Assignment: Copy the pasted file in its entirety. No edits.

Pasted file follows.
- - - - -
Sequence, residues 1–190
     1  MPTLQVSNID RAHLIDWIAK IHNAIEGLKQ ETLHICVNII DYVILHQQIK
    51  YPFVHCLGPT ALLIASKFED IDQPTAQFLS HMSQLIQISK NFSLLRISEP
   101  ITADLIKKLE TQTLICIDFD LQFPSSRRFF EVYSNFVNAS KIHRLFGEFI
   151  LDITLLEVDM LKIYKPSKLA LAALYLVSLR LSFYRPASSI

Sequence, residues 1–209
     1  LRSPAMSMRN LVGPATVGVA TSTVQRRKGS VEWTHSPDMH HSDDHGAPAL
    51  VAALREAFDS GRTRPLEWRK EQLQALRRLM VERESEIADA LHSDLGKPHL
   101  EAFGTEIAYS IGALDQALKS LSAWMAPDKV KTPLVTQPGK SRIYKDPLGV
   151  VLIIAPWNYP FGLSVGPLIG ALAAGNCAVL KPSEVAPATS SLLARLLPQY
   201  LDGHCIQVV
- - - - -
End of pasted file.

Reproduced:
Sequence, residues 1–190
     1  MPTLQVSNID RAHLIDWIAK IHNAIEGLKQ ETLHICVNII DYVILHQQIK
    51  YPFVHCLGPT ALLIASKFED IDQPTAQFLS HMSQLIQISK NFSLLRISEP
   101  ITADLIKKLE TQTLICIDFD LQFPSSRRFF EVYSNFVNAS KIHRLFGEFI
   151  LDITLLEVDM LKIYKPSKLA LAALYLVSLR LSFYRPASSI

Sequence, residues 1–209
     1  LRSPAMSMRN LVGPATVGVA TSTVQRRKGS VEWTHSPDMH HSDDHGAPAL
    51  VAALREAFDS GRTRPLEWRK EQLQALRRLM VERESEIADA LHSDLGKPHL
   101  EAFGTEIAYS IGALDQALKS LSAWMAPDKV KTPLVTQPGK SRIYKDPLGV
   151  VLIIAPWNYP FGLSVGPLIG ALAAGNCAVL KPSEVAPATS SLLARLLPQY
   201  LDGHCIQVV